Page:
As you say, most ancient cultures have this concept. It is how knowledge is traditionally transmitted from one generation to the next. Lucas’s familiarity with Indian culture (via Campbell’s work) suggests that India might have been one of his major sources of inspiration. The fact that many of the names and terms he uses are derived from Sanskrit also suggest this. (Yoda, for example, is close to yoḍha, or warrior.)

Dr Jeffery D. Long

How has Lucas used Indian traditions to explain to the Jedi the art of war and the Dharma of a Kshatriya. Indian martial art Kalaripayattu brings together the Veda, Tantra, Ayurveda and Jyothisha, Yoga and Martial Art. It's the warrior's art. There are traces of all these elements in Star Wars. Do you think that Star Wars training of Jedi is influenced by these traditions?

Probably so. But it would be a mistake to see Star Wars as a serious attempt to educate people about these ancient traditions. All the elements incorporated into Star Wars are included in the service of telling an entertaining story. Creating a sense that the Jedi are an ancient order of warriors with a rich cultural background and teachings makes them seem more compellingly realistic and engaging for the audience.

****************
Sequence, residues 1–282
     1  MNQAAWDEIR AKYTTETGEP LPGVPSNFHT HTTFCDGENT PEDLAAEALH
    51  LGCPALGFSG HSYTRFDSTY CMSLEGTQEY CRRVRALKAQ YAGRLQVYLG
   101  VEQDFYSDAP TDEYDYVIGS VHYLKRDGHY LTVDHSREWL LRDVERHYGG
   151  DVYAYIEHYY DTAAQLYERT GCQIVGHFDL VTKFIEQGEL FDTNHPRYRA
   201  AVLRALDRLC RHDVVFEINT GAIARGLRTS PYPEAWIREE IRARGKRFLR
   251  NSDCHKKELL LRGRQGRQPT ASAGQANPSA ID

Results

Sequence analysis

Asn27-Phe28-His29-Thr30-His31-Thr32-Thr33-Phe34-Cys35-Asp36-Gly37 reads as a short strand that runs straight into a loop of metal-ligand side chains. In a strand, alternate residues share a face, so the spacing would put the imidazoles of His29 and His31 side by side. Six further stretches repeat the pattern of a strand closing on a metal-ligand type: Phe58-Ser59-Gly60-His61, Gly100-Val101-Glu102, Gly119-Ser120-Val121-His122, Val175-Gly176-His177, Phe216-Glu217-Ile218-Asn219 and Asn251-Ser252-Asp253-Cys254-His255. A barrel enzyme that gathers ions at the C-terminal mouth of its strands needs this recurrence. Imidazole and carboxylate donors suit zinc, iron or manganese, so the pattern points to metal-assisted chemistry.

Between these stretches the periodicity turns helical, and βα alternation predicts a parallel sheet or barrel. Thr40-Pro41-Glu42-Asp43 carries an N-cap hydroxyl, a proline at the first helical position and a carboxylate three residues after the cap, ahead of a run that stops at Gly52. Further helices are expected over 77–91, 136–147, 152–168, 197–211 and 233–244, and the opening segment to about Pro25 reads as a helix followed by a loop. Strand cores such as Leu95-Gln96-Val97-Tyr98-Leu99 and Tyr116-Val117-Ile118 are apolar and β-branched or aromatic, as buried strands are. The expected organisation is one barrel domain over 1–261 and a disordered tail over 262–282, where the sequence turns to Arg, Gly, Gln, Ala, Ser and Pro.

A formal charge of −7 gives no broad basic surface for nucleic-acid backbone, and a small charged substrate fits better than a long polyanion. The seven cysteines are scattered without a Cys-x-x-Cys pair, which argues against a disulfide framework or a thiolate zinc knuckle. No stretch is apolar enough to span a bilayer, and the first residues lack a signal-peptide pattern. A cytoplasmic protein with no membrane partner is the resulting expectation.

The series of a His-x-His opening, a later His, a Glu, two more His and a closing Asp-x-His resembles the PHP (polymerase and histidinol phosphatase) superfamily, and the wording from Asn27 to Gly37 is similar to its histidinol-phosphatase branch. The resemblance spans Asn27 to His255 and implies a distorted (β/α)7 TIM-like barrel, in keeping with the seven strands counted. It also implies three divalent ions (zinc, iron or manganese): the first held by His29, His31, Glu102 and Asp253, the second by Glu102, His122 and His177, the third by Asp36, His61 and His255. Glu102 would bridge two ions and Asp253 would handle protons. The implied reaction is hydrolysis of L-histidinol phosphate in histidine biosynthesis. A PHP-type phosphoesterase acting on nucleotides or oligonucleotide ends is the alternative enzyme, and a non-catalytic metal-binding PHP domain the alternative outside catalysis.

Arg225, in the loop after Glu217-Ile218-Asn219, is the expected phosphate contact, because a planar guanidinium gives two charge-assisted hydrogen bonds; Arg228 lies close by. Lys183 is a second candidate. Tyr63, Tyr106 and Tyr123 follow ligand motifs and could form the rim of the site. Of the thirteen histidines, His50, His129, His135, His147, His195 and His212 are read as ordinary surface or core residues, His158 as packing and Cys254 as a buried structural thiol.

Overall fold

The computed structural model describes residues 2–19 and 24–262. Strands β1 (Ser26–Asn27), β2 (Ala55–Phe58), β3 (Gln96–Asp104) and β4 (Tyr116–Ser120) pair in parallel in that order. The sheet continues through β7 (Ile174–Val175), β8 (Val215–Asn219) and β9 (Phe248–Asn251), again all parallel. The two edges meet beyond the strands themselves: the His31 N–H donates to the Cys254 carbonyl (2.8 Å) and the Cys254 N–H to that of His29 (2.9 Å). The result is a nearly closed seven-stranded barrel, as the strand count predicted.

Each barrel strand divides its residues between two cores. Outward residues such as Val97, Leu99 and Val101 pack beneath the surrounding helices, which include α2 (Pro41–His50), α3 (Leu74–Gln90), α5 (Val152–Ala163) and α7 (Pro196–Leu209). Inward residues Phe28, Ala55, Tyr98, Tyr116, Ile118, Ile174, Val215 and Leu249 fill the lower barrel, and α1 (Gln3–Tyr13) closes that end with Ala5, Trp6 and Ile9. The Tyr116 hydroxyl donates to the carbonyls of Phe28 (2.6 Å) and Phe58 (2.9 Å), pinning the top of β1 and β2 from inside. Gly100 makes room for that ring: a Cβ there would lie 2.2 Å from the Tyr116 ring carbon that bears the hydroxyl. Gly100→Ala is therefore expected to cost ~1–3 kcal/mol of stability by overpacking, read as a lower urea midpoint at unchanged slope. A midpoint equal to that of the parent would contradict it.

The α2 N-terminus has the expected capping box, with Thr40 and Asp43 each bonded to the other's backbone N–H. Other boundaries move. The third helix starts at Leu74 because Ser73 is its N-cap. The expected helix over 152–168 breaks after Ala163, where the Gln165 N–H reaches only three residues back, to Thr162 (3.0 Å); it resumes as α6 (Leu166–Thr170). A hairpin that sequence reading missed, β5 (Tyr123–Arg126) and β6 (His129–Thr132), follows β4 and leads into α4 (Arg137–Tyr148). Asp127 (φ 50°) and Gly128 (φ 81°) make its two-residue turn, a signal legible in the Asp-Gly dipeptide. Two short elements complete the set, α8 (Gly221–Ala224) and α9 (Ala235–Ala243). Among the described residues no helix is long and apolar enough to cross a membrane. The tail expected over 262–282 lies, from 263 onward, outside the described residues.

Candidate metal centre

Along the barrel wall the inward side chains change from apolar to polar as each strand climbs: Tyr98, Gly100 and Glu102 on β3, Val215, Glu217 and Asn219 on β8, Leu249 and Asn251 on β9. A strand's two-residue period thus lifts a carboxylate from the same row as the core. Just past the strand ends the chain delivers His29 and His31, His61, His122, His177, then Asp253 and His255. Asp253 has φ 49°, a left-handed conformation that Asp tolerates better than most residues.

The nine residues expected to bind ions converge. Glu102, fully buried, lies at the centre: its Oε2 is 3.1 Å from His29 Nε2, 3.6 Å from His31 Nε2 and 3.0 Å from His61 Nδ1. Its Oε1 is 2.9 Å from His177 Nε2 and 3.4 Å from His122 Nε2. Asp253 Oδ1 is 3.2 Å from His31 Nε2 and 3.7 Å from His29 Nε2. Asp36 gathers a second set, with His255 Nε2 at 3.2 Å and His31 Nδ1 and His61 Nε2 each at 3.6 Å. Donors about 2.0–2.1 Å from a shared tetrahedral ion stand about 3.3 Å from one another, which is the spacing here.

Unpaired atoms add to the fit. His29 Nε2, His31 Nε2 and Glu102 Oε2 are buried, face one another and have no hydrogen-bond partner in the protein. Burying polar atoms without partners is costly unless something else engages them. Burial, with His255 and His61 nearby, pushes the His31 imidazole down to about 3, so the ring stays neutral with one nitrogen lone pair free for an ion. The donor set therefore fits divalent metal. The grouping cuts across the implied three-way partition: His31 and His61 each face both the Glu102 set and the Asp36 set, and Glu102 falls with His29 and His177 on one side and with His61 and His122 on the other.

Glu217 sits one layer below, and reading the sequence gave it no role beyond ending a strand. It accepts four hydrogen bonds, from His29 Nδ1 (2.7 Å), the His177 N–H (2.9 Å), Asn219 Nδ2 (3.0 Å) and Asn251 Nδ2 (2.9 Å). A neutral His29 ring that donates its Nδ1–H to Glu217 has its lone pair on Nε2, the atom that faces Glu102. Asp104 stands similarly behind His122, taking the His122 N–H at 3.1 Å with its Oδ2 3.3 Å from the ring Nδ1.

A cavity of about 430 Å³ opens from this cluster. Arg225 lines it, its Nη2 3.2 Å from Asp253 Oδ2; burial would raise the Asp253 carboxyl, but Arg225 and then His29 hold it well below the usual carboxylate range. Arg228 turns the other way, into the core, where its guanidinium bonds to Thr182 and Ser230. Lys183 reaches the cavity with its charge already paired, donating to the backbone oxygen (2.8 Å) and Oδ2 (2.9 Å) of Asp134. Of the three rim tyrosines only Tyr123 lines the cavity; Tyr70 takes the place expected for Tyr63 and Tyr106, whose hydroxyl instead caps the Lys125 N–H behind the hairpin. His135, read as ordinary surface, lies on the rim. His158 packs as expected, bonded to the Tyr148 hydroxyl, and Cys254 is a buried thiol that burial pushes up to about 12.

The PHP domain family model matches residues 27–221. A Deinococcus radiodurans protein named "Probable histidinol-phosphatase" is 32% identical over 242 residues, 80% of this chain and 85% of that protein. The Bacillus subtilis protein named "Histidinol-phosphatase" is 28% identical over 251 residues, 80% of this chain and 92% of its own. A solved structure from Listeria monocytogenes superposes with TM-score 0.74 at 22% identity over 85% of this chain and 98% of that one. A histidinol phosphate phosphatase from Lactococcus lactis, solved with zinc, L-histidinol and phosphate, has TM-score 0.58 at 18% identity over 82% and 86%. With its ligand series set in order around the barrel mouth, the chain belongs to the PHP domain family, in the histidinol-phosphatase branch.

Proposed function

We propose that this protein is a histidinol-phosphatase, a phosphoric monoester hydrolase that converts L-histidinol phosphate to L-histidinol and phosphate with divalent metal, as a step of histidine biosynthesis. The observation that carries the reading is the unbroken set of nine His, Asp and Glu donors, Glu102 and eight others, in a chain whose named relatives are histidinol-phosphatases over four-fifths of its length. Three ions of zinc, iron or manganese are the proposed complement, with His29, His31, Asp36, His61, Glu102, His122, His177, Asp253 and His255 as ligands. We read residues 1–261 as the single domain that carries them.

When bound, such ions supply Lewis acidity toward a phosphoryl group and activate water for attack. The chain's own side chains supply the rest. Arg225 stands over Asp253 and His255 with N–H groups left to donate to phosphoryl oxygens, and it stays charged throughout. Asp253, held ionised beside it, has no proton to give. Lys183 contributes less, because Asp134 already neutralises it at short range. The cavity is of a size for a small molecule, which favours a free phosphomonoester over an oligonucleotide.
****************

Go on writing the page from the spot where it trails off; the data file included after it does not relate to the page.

Words and names used have Sanskrit roots. Have you compiled a list of other such words used?

There are a few: Padawan, for a Jedi student, is drawn from padavān (someone who has learned many padas, or verses: a student). Anakin’s wife is named Padme, which is reminiscent of padma (lotus), which is itself a sacred symbol, and a common name for a Hindu woman. There is a female Jedi named Shaak Ti, which is obviously Shakti. There are the Gungans, an aquatic species, whose name is evocative of the Ganga. And Anakin’s student (Padawan) is named Ahsoka, which is very close to the ancient Indian king, Ashoka. There may be more, but these are the most obvious ones.